October 15, 2008

Ubuntu Intrepid upgrade problems solved

Oct 15, 2008

I recently upgraded two of my computers to Ubuntu 8.10 (Intrepid) which was in alpha at that time and is beta at present. Some small thing always seems to break for me with an upgrade and this time there were two issues, which I have finally managed to sort out this week.

1. Google calendar in Thunderbird

I had my google calendar nicely set up in Thunderbird using the Lightning and Provider for Google calendar extensions. After the upgrade, my google calendar wasn't displaying anymore and moreover all the calendar related menu items were disabled. Finally I found the answer here.
I uninstalled lightning and provider, did a 'sudo aptitude install libstdc++5', then reinstalled the extensions. On restarting thunderbird, the calendar was now there as before.. a relief.

2. Fingerprint reader and thinkfinger

After the upgrade, my fingerprint reader appeared to not be working. Swiping the finger elicited no response at all. Searching in launchpad brought me here showing others were having the same issue. Surprisingly it seemed that the fingerprint identification was working, but needed a carriage return (Enter key) after the swipe to work. Some workarounds are beginning to appear (though nothing final) and what worked for me was a simple change in xorg.conf. Adding the line
'InputDevice "Generic Keyboard"' to the "ServerLayout" section got the reader working again after a restart of xserver.

Hope these help someone with simlar issues.

October 4, 2008

Eepee - the electrophysiologist's tool

04 Oct 2008
Eepee is my attempt to make a tool for cardiologists to analyze ECG and Electrophysiology tracings.

The study of these tracings requires one to make various measurements and compare them. While this is available along with the acquisition software in the lab, review of these tracings for teaching or learning is usually done with printed / scanned tracings without an easy way to dynamically measure things. The usual approach is to use project a series of these tracings on powerpoint, while any measurements have to be made on a paper copy with hand-held calipers.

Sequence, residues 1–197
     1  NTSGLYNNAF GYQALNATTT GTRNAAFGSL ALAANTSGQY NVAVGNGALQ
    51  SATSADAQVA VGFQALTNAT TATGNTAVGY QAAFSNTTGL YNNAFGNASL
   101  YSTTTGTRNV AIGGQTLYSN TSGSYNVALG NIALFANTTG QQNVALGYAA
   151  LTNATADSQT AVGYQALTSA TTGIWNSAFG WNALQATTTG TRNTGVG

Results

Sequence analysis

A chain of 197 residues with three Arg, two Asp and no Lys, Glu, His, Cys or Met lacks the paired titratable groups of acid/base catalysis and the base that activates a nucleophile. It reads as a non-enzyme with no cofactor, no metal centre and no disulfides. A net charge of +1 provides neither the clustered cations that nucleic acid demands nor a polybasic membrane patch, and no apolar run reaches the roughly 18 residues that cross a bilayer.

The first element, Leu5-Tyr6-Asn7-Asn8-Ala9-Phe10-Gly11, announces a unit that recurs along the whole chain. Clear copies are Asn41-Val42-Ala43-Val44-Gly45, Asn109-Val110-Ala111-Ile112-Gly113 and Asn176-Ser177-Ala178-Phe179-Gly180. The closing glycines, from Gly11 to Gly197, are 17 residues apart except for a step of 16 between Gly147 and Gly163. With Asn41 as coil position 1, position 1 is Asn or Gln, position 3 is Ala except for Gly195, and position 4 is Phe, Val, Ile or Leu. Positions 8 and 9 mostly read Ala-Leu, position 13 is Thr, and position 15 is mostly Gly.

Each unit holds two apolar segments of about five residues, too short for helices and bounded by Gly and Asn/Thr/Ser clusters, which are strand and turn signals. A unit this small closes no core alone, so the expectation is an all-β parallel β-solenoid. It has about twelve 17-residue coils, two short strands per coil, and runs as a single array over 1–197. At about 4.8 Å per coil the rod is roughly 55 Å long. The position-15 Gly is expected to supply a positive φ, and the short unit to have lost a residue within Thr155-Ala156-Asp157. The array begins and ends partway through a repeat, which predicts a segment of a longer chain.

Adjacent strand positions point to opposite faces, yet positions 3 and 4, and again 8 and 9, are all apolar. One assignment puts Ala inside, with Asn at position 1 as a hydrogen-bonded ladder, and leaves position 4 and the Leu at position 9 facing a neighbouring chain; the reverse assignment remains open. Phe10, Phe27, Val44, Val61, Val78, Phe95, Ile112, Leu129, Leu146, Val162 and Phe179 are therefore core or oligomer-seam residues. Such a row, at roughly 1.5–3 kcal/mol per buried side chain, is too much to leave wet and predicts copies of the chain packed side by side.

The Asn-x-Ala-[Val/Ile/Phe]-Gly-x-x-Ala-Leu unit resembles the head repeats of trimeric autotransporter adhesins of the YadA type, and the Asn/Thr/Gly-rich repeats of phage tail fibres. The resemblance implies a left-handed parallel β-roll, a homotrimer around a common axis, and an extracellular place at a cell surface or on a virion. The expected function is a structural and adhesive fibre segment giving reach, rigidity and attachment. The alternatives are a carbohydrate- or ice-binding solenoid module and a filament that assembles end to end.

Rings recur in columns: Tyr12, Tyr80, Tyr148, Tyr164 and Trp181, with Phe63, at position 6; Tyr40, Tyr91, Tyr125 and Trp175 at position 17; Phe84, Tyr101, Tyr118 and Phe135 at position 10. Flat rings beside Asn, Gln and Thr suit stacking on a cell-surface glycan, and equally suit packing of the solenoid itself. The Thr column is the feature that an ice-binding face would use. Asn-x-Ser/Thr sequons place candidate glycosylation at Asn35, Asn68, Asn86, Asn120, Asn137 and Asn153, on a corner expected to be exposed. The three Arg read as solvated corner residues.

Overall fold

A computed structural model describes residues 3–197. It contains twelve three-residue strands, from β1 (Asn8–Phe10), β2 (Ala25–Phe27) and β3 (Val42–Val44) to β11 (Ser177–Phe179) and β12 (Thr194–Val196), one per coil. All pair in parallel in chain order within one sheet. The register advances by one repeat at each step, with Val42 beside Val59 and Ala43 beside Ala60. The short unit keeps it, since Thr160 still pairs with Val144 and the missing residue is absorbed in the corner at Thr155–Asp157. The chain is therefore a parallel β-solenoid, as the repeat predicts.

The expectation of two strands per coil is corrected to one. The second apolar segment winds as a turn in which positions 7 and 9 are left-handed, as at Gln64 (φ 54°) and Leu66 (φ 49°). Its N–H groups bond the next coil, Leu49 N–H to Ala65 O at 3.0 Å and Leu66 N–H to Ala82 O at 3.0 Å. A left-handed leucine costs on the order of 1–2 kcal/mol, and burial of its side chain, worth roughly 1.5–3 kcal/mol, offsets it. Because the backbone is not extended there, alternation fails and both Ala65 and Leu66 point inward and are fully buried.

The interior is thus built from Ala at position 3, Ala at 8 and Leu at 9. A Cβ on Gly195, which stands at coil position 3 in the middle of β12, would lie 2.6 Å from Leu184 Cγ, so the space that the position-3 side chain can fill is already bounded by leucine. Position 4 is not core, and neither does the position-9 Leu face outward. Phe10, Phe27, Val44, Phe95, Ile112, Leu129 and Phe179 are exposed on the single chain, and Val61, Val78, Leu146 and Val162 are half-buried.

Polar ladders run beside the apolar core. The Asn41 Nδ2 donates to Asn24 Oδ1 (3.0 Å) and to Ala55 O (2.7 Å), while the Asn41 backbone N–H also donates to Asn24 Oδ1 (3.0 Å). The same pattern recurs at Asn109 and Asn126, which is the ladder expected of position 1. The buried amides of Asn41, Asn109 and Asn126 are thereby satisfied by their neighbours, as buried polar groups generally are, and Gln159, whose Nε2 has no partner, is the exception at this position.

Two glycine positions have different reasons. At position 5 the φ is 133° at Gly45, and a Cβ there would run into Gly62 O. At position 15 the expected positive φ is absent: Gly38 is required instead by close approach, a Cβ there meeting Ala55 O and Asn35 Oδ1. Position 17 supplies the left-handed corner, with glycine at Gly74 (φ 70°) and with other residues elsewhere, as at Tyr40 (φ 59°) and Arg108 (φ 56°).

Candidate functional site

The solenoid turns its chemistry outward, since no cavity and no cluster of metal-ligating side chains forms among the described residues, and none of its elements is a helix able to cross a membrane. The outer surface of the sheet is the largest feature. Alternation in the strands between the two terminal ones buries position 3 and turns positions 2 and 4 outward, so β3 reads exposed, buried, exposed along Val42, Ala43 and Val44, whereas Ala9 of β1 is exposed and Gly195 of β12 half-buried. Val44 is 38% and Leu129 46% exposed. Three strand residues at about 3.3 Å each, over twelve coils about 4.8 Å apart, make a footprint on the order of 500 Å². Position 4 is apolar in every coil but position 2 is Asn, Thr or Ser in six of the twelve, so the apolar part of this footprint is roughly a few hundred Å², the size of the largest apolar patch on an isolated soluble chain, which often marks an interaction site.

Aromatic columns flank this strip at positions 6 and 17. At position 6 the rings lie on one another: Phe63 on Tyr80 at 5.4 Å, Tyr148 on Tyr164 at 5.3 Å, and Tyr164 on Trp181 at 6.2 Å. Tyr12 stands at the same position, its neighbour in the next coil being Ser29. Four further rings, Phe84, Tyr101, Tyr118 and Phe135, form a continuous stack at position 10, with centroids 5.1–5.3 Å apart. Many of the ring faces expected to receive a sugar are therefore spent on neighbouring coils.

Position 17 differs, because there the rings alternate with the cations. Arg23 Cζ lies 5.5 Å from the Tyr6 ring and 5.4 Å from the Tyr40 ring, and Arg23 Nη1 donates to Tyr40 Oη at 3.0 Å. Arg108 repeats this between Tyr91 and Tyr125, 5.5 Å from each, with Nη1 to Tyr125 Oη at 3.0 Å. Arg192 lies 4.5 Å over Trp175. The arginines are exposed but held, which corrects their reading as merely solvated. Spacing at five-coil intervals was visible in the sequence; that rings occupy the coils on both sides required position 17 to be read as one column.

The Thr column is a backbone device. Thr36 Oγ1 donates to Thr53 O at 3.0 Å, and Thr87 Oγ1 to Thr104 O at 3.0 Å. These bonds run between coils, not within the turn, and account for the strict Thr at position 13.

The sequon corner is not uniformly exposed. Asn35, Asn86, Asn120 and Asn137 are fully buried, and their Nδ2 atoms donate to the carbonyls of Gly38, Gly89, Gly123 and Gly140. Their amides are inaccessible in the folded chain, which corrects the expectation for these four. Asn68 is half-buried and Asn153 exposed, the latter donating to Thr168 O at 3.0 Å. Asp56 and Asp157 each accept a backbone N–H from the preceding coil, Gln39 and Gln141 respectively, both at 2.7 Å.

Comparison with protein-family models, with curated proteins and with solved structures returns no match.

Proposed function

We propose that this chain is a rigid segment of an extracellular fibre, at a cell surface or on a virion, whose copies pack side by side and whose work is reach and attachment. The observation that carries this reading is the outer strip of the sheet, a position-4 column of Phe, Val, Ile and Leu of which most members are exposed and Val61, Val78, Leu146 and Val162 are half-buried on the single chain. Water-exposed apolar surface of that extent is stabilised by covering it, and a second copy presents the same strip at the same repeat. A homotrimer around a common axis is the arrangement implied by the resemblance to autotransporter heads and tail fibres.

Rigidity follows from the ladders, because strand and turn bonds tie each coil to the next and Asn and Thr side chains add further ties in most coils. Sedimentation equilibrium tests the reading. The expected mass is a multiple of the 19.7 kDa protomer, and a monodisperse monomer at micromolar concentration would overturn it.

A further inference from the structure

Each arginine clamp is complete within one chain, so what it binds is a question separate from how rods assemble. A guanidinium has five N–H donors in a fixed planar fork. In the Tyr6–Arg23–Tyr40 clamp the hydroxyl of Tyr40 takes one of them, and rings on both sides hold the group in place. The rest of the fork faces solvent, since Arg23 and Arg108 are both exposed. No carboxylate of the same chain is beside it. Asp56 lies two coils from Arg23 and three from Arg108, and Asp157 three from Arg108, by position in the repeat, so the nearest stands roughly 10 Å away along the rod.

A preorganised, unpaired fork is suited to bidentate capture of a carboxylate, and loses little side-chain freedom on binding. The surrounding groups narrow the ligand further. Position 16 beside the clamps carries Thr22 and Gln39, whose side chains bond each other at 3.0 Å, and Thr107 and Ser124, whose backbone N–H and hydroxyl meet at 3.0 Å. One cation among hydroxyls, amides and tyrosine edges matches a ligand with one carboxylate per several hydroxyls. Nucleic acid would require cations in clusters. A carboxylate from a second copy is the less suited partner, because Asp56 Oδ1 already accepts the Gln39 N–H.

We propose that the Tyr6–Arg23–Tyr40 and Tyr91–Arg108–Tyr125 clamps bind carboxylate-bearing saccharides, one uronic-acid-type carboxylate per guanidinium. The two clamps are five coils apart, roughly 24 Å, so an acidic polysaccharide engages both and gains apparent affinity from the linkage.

Eepee is an attempt to smoothly provide all this functionality with digital images. At its current state (version 0.9), the user can load any digital image, calibrate the x-axis with known measurement in the image and then use digital calipers to make measurements. Notes can also be made for any image. Notes and calibration are automatically stored for each image and are reloaded the next time.

It is still not past version 1.0 meaning that it is beta, but it is getting relatively complete and stable. It works on windows and linux and can be got here. I welcome any suggestions / comments.

August 3, 2008

Worth a thousand words !

Reading a mail from a couple of friends who have been on a long trip gave me an idea. For someone geographically dyslexic like me, a map to show the places visited is essential. And more pictures to illustrate the text will not hurt. Like Alice said, what good is a story without pictures?

Why not write some code that will draw a map, plotting the places visited and then pull out some pictures from flickr tagged with the place name? With all the pictures, now it will be easy to make an illustrated travel journal in html or pdf (with latex).

Python as always made the task amazingly easy. Python's 'battery power' was in full display as I was able to use diverse libraries to do all the stuff. Google maps provided me with the latitude and longitude of each place through geopy, a geocoding toolbox for python. Then, the basemap toolkit of matplotlib allowed me to plot these coordinates on a map. For each place, I searched flickr for most interesting pictures tagged with the place name and then made a photosheet with 8 of the pictures. I used flickrpy to access the flickr API and then used PIL (Python Imaging Library) to combine the pictures.

Those interested can download the code here and look at it. Map is a class that draws a map with a list of places like this -

The class PhotoSheet pulls in the pictures from flickr and makes a sheet like this (for Istanbul).

June 16, 2008

Gmail notifier for dzen - updated

I have an updated gmail notifier script for dzen. You can download the files from here. The username and password are now arguments that are supplied to the script. An icon is also displayed with the icon being different for no mail versus new mail. Note that you need the development version of dzen for all of this to work.

April 29, 2008

A first look at Kubuntu KDE4

While I have tried out KDE in the past, Gnome has always been my everyday working environment. Kubuntu Hardy KDE4 version was an opportunity to test if KDE4 was going to change that.
I installed Kubuntu KDE4 on my Thinkpad. KDE4 does look nice with a Mac like feel. But it felt sometimes like there is too much accent on looks. This is the default desktop with a couple of widgets.

Dolphin looks much better than konqueror as the file browser.

One application that really grabbed my attention was Okular. It looked really nice and was very functional too. The ability to use a highlighter in PDF documents was something I have been looking for. This is one application I might want to install in my Gnome environment too.

At the end of the day, KDE4 still failed to impress. It still looks far too incomplete and is definitely not going to replace Gnome on my desktop in the near future.

March 15, 2008

Ubuntu Hardy on Thinkpad x61s

The brightness hot keys problem referred to below is fixed in kernel that is available now.


New install using the PC desktop cd of Ubuntu Hardy alpha 6.
Since the X series thinkpads dont have an inbuilt optical drive I created a live USB from the iso using the isotostick script from here. Bootup into the live environment and installation from there was faster than I have ever experienced.